What it is: Researchers from the University of Chicago recently used CRISPR to genetically engineer cocaine resistance into mice. After receiving the gene editing treatment, the subjected mice were less likely to seek out cocaine. The mice became immune to overdosing on amounts of cocaine that would kill mice without the treatment. To accomplish this feat, the researchers used the enzyme butyrylcholinesterase (BCHE), which naturally breaks down cocaine. Because this enzyme cannot be administered orally and is short-lived in the bloodstream, there’s no way to maintain the enzyme in high enough concentrations for it to effectively combat cocaine. To approach this, the researchers used CRISPR to modify skin cells (which were grafted onto the mice) to more readily secrete BCHE, thereby replenishing the rapidly broken down BCHE in the bloodstream.

Why it's important: Extraordinary progress is being made every day in the biotech and genomics world. Earlier this month in Abundance Insider, we saw CRISPR gene editing to eradicate malaria-carrying mosquitoes. Prior to that, we saw CRISPR used to cure muscular dystrophy in dogs. Mitigating the effects of cocaine in mice may one day have profound applications for combating cocaine addiction in humans, saving countless human lives and helping many others overcome their addictions. What other diseases, disorders and addictions can researchers address in the CRISPR revolution?  Share on Facebook

Spotted by Marissa Brassfield / Written by Max Goldberg 

Machine-Learning System Tackles Speech And Object Recognition, All At Once

What it is: In a new win for machine learning, MIT computer scientists have just developed an AI system that can identify objects within an image based only on a spoken description of the image’s features. With an input image and accompanying audio caption, the model can highlight described regions of the picture in real time, associating pixels with their corresponding descriptions, such as “girl,” “brown eyes,” “red roof,” and any other verbal descriptor. Unlike most current speech-recognition technologies, however, the model needs neither manual transcriptions nor annotations of those examples on which the system is trained, instead learning words directly from recorded speech and objects within raw images.

Why it's important: While currently capable of recognizing only several hundred different words and object types, this combined speech-object recognition technique is quickly advancing and could one day save a tremendous amount of time in manual labor. As explained by CSAIL researcher David Harwath, “We got the idea of training a model in a manner similar to walking a child through the world and narrating what you’re seeing.” And with this much more organic and data-light model, a variety of applications abound. One use case, for instance, might involve language translation, whereby the model would use two different-language speakers describing the same image, parsing the language signals from each description and matching words on the basis of their correspondence to objects in the same image.  Share on Facebook

Spotted by Marissa Brassfield / Written by Claire Adair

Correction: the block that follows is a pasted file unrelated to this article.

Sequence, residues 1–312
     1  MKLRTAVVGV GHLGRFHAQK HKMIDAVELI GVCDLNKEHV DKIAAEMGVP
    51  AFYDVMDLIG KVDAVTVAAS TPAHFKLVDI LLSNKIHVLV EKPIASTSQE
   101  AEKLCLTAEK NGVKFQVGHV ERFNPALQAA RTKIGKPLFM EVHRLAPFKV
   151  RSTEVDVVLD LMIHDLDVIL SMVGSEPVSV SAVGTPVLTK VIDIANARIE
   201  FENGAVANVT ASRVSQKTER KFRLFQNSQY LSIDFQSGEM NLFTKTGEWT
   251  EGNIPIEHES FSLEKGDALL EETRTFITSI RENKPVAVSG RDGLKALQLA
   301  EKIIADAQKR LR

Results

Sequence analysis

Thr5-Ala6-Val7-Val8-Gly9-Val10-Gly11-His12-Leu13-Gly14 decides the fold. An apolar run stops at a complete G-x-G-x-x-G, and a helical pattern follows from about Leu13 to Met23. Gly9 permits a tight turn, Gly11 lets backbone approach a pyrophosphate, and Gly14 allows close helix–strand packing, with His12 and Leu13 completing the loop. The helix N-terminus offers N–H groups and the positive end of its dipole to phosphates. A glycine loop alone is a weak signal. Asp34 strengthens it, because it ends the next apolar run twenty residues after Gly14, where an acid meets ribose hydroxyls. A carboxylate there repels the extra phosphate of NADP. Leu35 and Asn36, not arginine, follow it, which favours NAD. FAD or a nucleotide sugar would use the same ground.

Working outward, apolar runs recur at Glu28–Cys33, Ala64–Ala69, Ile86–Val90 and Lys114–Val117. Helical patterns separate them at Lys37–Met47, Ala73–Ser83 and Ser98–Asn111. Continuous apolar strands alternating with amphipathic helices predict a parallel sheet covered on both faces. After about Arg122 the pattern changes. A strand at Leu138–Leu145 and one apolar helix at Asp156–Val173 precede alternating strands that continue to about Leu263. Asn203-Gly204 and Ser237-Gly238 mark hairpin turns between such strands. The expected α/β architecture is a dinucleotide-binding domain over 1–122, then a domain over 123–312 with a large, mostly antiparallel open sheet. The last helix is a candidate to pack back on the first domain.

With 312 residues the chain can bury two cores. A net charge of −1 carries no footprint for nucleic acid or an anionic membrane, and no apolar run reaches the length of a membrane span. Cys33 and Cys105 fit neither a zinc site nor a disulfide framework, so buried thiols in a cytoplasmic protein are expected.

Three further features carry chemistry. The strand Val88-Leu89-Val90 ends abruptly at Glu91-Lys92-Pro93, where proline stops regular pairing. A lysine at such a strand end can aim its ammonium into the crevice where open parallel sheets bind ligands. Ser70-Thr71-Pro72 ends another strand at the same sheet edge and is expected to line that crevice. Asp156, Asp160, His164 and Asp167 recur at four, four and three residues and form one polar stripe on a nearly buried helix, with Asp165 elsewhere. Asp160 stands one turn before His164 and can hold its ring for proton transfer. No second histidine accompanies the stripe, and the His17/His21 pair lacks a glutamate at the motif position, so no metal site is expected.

Building A Better Brain-In-A-Dish, Faster And Cheaper

What it is: What: Researchers at the University of San Diego School of Medicine have developed a proof-of-principle procedure for rapidly and cost-effectively creating cortical organoids from primary somatic cells -- think of these as mini sections of a brain on a dish. Organoids have been useful in studying the developing brain, sidestepping a number of difficulties inherent to studying the developing brain, but have been expensive and time-consuming to produce. In a process published in “Stem Cells and Development” last month, the UCSD team was able to compress and optimize a number of steps in the traditional process, generating a large number of cortical organoids with only minor manipulation required.

Why it's important: The potential use cases for this are vast, from creating repositories for testing to studying the potential genetic causes of disorders to more generally understanding human variability in cognition. With a large roadblock to experimentation and discovery removed, look for insight into neurological disorders to accelerate, not to mention a potential adjacent benefit in brain-computer interfaces.  Share on Facebook

Spotted by Dave Carder / Written by Jason Goodwin 

This “Robotic Skin” Can Turn Pretty Much Anything Into A Robot

What it is: Yale researchers have developed hardware that turns any inanimate object into a robot. The researchers originally developed this hardware for NASA, so that actuation and sensor technology could be repurposed and recycled while in space. Applications demonstrated by the researchers include enabling locomotion of a toy horse and a variety of foam objects. Beyond bringing everyday objects to life and multiplexing space hardware, these soft robotics can augment humans as wearables. A video from the research group shows a wearable application of the robotic skin applied to a person’s back. The sensors in the robotic skin detect posture, and the actuators in the robotic skin can activate to help the person be aware that they should straighten their back if they slip into a bad posture.

Why it's important: Today’s robots typically excel at narrow tasks in highly curated environments. They often lack the ability to adapt to the natural world around them. Imagine future iterations with more degrees of freedom, different types of actuation, and more powerful sensors. Embedding artificial intelligence within the soft robotics will one day enable a user to merely apply a robotic skin to an object, specify an action, and watch as the robotic skin teaches itself to locomote the object as instructed.  Share on Facebook